I would like to say that "converting between types" is what we should be looking at, not whether there is a cast or not. For example
int a = 10;
float b = a;
will be the same as :
int a = 10;
float b = (float)a;
This also applies to changing the size of a type, e.g.
char c = 'a';
int b = c;
this will "extend
c into an
int size from a single byte [using byte in the C sense, not 8-bit sense]", which will potentially add an extra instruction (or extra clockcycle(s) to the instruction used) above and beyond the datamovement itself.
Note that sometimes these conversions aren't at all obvious. On x86-64, a typical example is using
int instead of
unsigned int for indices in arrays. Since pointers are 64-bit, the index needs to be converted to 64-bit. In the case of an unsigned, that's trivial - just use the 64-bit version of the register the value is already in, since a 32-bit load operation will zero-fill the top part of the register. But if you have an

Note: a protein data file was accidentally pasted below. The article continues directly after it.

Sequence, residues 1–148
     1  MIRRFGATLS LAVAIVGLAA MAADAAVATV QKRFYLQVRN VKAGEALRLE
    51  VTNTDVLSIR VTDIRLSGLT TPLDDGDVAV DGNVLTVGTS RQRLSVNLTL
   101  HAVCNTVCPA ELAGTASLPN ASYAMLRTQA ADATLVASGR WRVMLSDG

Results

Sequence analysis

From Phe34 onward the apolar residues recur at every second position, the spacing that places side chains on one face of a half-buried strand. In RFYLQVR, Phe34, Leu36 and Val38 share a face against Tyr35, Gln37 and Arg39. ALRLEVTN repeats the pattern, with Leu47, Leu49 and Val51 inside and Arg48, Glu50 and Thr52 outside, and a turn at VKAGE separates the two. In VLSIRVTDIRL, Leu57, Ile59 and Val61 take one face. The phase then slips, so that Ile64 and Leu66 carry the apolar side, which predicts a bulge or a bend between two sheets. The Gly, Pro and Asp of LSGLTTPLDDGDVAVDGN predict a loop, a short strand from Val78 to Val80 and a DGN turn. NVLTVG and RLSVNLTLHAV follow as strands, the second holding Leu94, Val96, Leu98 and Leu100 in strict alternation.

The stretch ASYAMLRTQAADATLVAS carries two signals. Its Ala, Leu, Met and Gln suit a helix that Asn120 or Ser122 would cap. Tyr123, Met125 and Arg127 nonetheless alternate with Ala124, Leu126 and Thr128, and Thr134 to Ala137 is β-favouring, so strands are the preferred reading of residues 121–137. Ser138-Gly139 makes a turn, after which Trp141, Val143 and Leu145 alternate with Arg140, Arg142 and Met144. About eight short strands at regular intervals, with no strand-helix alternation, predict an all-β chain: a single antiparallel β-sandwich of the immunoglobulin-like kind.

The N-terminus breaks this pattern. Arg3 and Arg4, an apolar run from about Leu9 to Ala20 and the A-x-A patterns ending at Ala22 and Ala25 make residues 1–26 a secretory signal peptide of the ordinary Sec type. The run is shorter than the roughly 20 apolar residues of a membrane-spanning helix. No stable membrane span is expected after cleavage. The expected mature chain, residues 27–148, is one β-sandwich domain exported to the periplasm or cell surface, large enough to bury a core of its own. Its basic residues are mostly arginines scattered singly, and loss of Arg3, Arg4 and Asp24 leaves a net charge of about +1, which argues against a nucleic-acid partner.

int, it could be negative. So the compiler will have to use the "sign extend this to 64 bits" instruction. This is typically not an issue where the index is calculated based on a fixed loop and all values are positive, but if you call a function where it is not clear if the parameter is positive or negative, the compiler will definitely have to extend the value. Likewise if a function returns a value that is used as an index.
However, any reasonably competent compiler will not mindlessly add instructions to convert something from its own type to itself (possibly if optimization is turned off, it may do - but minimal optimization should see that "we're converting from type X to type X, that doesn't mean anything, lets take it away").
So, in short, the above example is does not add any extra penalty, but there are certainly cases where "converting data from one type to another does add extra instructions and/or clockcycles to the code".